JoJo, The size of the project is not reletive to your hard disk throughput speeds or needs. It is the format of the video that you are editing and how many streams of that video will be used at the thickest part of your edit. If you have a section of your timeline that will be playing four video clips at once and you are in a canopus 1080 HQ format then you will need more than a single drive to deliver the clips smoothly. Heck this would be the case even if it was a 30 sec. commercial. 2 SATA-300 drives striped raid 0 provide a nice level of performance if connected to a hardware raid controller. Note, some seagate SATA-300 drives ship out of the box as set to SATA-150. You need to pull a tiny jumper off in order to enable SATA-300. A lot of people do not know this!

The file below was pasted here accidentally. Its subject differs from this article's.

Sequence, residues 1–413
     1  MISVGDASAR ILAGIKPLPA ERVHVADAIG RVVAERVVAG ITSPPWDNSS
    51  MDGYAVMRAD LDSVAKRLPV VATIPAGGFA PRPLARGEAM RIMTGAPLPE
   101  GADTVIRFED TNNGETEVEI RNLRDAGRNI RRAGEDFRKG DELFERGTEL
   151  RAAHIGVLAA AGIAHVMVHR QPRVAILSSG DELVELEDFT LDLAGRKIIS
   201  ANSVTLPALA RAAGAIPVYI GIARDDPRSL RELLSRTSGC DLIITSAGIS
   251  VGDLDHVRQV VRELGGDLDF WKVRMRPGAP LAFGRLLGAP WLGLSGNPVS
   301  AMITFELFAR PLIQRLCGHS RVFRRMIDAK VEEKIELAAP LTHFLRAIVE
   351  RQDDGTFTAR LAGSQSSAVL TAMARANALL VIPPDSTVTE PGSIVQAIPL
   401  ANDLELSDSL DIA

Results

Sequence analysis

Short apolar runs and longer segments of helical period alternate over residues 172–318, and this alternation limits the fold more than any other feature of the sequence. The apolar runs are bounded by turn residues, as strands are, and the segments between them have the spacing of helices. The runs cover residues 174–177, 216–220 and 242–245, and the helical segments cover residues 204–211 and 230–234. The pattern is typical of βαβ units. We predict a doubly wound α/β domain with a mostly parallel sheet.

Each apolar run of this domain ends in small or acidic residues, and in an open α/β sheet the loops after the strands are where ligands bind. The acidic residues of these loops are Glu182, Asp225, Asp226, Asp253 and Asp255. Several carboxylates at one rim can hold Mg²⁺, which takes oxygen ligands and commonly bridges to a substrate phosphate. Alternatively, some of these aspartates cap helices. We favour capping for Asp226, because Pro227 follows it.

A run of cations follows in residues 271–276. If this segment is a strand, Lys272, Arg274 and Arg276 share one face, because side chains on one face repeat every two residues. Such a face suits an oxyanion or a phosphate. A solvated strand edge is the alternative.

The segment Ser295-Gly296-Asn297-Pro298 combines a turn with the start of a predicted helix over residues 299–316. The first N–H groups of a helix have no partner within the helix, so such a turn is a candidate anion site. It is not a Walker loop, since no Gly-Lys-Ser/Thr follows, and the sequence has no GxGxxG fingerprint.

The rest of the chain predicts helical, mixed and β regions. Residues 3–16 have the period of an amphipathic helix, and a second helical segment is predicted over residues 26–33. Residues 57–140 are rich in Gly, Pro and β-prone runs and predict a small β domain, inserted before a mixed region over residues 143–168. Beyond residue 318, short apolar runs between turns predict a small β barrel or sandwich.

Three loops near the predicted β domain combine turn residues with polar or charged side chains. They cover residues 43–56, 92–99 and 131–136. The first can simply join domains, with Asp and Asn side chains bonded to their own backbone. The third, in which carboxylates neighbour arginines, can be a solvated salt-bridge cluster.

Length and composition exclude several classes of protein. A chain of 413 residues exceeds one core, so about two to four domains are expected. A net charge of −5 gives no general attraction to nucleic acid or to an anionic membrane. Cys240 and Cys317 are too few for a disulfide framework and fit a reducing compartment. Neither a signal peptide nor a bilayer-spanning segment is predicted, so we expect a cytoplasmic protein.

Back to the drawing board. I will set up all four 500gb drives on one raid. The two operating systems will be on a separate smaller drive. Back up will be on an external drive.

      Thanks,
      JoJo

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      • #4
        Originally posted by gdame View Post
        If you have a section of your timeline that will be playing four video clips at once and you are in a canopus 1080 HQ format then you will need more than a single drive to deliver the clips smoothly.
        What if one had these four clips each on a separate drive?

        Would the raid still be necessary?

        I am assuming when you mention four video clips, you mean four different cameras?

        Or does this apply to four copies of one camera's feed?
        Asus Prime X299-A - Intel i9 7900x all cores @4.3GHz 2 cores @4.5GHz - 32GB RAM - NVidia GTX1070 - Edius 9 WG - BM Intensity 4k - Boris RED - Vitascene 2 - Windows 10

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        • #5
          Originally posted by Bassman View Post